SA136082P 186AIN-76A baseline
SA136083P 188AIN-76A baseline
SA136084P 203AIN-76A baseline
SA136085P 204AIN-76A baseline
SA136086P 216AIN-76A baseline
SA136087P 218AIN-76A baseline
SA136088P 219AIN-76A baseline
SA136089P 221AIN-76A baseline
SA136090P 215AIN-76A baseline
SA136091P 213AIN-76A baseline
SA136092P 207AIN-76A baseline
SA136093P 209AIN-76A baseline
SA136094P 210AIN-76A baseline
SA136095P 212AIN-76A baseline
SA136096P 267AIN-76A baseline
SA136097P 269AIN-76A baseline
SA136098P 119AIN-76A baseline
SA136099P 116AIN-76A baseline
SA136100P 120AIN-76A baseline
SA136101P 126AIN-76A baseline
SA136102P 137AIN-76A baseline
SA136103P 114AIN-76A baseline
SA136104P 104AIN-76A baseline
SA136105P 92AIN-76A baseline
SA136106P 93AIN-76A baseline
SA136107P 96AIN-76A baseline
SA136108P 98AIN-76A baseline
SA136109P 164AIN-76A baseline
SA136110P 176AIN-76A baseline
SA136111P 255AIN-76A baseline
SA136112P 275AIN-76A baseline
SA136113P 2AIN-76A baseline
SA136114P 320AIN-76A baseline
SA136115P 248AIN-76A baseline
SA136116P 225AIN-76A baseline
SA136117P 192AIN-76A baseline
SA136118P 194AIN-76A baseline
SA136119P 206AIN-76A baseline
SA136120P 222AIN-76A baseline
SA136121P 87AIN-76A baseline
SA136122P 86AIN-76A baseline
SA136123P 284AIN-76A baseline
SA136124P 282AIN-76A baseline
SA136125P 285AIN-76A baseline
SA136126P 302AIN-76A baseline
SA136127P 303AIN-76A baseline
SA136128P 281AIN-76A baseline
SA136129P 279AIN-76A baseline
SA136130P 270AIN-76A baseline
SA136131P 272AIN-76A baseline
SA136132P 273AIN-76A baseline
SA136133P 278AIN-76A baseline
SA136134P 305AIN-76A baseline
SA136135P 306AIN-76A baseline
SA136136P 344AIN-76A baseline
SA136137P 352AIN-76A baseline
SA136138P 353AIN-76A baseline
SA136139P 74AIN-76A baseline
SA136140P 343AIN-76A baseline
SA136141P 338AIN-76A baseline
SA136142P 321AIN-76A baseline
SA136143P 334AIN-76A baseline
SA136144P 335AIN-76A baseline
SA136145P 337AIN-76A baseline
SA136146P 182AIN-76A baseline
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Collection:

Collection ID:CO001677
Collection Summary:Blood was drawn from the mice after a 2-week acclimation period (baseline) and after 8 weeks (postdiet) on either a high protein (H-Protein) or high fat high sucrose (H-Sucrose). Blood samples were collected via retro-orbital bleed with heparinized capillary tubes into EDTA tubes, placed on ice, and centrifuged at 6000 rpm for 10 minutes at 4°C for plasma collection. Plasma was then transferred to 1.5 ml Eppendorf tubes and stored at -80°C.
Sample Type:Blood (plasma)
Collection Method:retro-orbital bleed with heparinized capillary tubes
Storage Conditions:Described in summary
Collection Vials:EDTA tubes

Treatment:

Treatment ID:TR001697
Treatment Summary:Approximately 4-5 mice were assigned to either the high protein (H-Protein) or high fat high sucrose (H-Sucrose) diet per strain for 8 weeks.
Treatment:Diet challenge

Sample Preparation:

Sampleprep ID:SP001690
Sampleprep Summary:Baseline and post-diet circulating trimethylamine N-oxide (TMAO), choline, phosphocholine, betaine, and carnitine were quantified using liquid chromatography–mass spectrometry (LC-MS) methods described by Wang et al. (2014) with modifications (Wang et al., 2014. Analytical Biochemistry 455 (June 2014): 35–40. https://doi.org/10.1016/j.ab.2014.03.016.). Briefly, samples (20 µl plasma) were aliquoted to a 2 ml Eppendorf tube and mixed with 80 µl of 5 µM surrogate standard comprised of deuterated analytes in methanol. Standards ranging from 0 µM to 100 µM of non-deuterated analytes in methanol were run in order to establish analyte standard curves. Two-fold serial dilutions of a 100 µM stock solution in methanol was used to make 13 standards. To prepare standards for sample quantification, 80 µl of 5 µM SSTD and 20 µl of each standard were aliquoted directly to the glass inserts in HPLC vials and briefly vortexed. Prior to acquisition, samples and standards were vortexed for 30 seconds and centrifuged at 18,000 g at 10°C for 10 min. Supernatant (5 µl) was transferred to 150 µl glass inserts in High Performance Liquid Chromatography (HPLC) vials and analyzed by injection onto a silica column (150 by 2 mm, 3 um particle Silica (2) with 100 Angstrom; Catalog #00F-41620-B0, Phenomenex, Torrance, CA) at a flow rate of 0.25 ml/min using a Waters Acquity UPLC (Waters, Milford, MA) interfaced with an API 4000 Q-TRAP mass spectrometer (AB SCIEX, Framingham, MA). A discontinuous gradient was generated to resolve the analytes by mixing solvent A (0.1% acetic acid in water) with solvent B (0.1% acetic acid in methanol) at different ratios starting from 2% B linearly to 15% B over 5 min, then linearly to 100% B to 6.25 min, then hold to 8 min, and then back to 2% B at 6.25 min and held until 10 min.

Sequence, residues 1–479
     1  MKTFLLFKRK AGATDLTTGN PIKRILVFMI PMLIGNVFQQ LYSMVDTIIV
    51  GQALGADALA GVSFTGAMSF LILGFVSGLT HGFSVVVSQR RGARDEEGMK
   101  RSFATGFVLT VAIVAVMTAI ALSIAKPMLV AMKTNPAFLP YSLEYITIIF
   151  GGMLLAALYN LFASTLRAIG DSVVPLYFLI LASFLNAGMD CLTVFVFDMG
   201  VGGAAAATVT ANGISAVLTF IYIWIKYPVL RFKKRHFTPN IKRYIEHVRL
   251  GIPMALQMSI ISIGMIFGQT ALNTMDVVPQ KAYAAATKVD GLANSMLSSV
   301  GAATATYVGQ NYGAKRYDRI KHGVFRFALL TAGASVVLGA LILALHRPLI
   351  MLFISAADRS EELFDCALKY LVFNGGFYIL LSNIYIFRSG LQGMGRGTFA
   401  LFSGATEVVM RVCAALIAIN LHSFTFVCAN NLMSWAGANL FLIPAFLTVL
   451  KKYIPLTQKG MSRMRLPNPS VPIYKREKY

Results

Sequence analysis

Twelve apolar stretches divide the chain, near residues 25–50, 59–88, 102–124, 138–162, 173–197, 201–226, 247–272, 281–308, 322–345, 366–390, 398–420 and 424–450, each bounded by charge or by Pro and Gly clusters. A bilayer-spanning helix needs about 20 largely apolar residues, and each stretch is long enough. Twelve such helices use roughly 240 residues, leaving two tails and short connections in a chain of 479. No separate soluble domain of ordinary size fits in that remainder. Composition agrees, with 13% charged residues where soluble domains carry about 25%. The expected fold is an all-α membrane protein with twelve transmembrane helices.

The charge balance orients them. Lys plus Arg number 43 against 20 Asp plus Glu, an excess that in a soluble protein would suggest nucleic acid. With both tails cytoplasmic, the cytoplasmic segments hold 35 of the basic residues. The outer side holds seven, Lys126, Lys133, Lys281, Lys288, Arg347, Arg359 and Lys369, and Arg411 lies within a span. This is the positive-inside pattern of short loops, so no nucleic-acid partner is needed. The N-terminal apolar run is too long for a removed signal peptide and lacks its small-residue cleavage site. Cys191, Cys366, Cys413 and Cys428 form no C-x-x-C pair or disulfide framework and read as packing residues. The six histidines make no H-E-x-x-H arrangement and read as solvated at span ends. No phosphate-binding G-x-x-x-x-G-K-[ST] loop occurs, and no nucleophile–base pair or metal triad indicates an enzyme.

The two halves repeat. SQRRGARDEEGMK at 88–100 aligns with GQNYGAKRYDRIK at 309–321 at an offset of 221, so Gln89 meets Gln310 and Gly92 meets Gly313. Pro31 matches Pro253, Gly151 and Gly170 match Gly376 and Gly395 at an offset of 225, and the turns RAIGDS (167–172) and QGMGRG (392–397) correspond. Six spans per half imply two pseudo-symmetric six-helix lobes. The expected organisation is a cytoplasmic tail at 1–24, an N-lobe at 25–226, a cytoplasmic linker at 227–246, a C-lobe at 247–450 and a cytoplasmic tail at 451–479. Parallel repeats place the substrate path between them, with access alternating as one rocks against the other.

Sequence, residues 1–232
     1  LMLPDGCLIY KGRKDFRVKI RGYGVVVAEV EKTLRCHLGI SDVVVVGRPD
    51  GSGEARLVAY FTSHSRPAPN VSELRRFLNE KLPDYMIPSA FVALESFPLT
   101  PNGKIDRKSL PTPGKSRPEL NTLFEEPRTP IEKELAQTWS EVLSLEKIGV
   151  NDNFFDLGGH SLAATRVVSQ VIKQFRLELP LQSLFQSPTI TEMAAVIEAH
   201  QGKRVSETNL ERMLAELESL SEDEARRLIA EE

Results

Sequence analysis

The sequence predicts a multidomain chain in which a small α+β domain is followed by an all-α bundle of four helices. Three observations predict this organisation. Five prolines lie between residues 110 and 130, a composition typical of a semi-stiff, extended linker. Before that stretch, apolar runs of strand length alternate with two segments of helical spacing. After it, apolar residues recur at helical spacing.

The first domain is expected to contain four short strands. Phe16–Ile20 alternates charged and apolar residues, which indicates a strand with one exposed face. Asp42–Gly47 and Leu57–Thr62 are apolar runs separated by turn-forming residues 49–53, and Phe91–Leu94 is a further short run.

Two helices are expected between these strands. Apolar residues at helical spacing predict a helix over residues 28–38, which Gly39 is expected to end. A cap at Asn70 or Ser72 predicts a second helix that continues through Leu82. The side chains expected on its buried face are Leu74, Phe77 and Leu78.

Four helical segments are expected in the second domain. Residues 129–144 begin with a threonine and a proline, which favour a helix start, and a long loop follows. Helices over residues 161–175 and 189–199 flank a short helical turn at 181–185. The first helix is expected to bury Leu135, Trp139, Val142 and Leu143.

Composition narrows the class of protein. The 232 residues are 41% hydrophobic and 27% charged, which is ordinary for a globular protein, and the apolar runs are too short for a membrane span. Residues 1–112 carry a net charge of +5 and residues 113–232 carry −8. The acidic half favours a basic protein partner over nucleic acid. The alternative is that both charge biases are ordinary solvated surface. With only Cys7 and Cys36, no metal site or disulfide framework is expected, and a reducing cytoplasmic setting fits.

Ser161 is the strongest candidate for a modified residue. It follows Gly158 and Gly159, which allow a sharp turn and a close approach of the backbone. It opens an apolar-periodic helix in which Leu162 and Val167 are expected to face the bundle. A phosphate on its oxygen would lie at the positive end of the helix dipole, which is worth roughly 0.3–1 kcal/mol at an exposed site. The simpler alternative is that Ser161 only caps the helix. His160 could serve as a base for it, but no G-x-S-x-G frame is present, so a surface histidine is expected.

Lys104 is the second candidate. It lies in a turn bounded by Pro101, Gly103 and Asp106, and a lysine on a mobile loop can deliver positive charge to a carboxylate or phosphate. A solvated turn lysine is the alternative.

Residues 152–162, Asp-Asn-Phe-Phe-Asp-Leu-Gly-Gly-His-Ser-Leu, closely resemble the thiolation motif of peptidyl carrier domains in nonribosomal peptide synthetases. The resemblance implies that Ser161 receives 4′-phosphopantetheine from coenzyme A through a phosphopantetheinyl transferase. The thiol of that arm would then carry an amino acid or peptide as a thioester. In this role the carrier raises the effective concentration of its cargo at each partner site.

Sampleprep Protocol Filename:phoebeyam_SP_protocol.pdf

Combined analysis:

Analysis ID AN002640
Analysis type MS
Chromatography type Normal phase
Chromatography system Waters Acquity UPLC
Column Luna Silica (150 x 2mm,3µm)
MS Type ESI
MS instrument type QTRAP
MS instrument name ABI Sciex API 4000 QTrap
Ion Mode POSITIVE
Units micromolar

Chromatography:

Chromatography ID:CH001950
Chromatography Comments:Phenomenex Luna 3 µm Silica (2) 100 Å, LC Column 150 x 2 mm
Instrument Name:Waters Acquity UPLC
Column Name:Luna Silica (150 x 2mm,3µm)
Column Temperature:Room Temperature
Flow Rate:0.25 ml/min
Sample Injection:5 µL
Solvent A:0.1% acetic acid in water
Solvent B:0.1% acetic acid in methanol
Weak Wash Solvent Name:70% water, 20% methanol, 10% 2-propanol
Strong Wash Solvent Name:50:50 Acetonitrile:Methanol
Chromatography Type:Normal phase

MS:

MS ID:MS002452
Analysis ID:AN002640
Instrument Name:ABI Sciex API 4000 QTrap
Instrument Type:QTRAP
MS Type:ESI
MS Comments:Analytes were monitored using electrospray ionization in positive-ion mode with multiple reaction monitoring (MRM) of precursor and characteristic production transitions as shown in MS_protocol.pdf. The parameters for the ion monitoring were as follows: spray voltage, 4.5 kV; curtain gas, 15; GS1, 60; GS2, 50; CAD gas, medium; Nitrogen (99.95% purity) was used as the source and collision gas. Integration and quantification of values was done using Analyst 1.6.2 software (AB SCIEX, Singapore). Standard linearity was calculated using linear regression model. Please see LC_protocol.pdf and MS_protocol.pdf for additional details.
Ion Mode:POSITIVE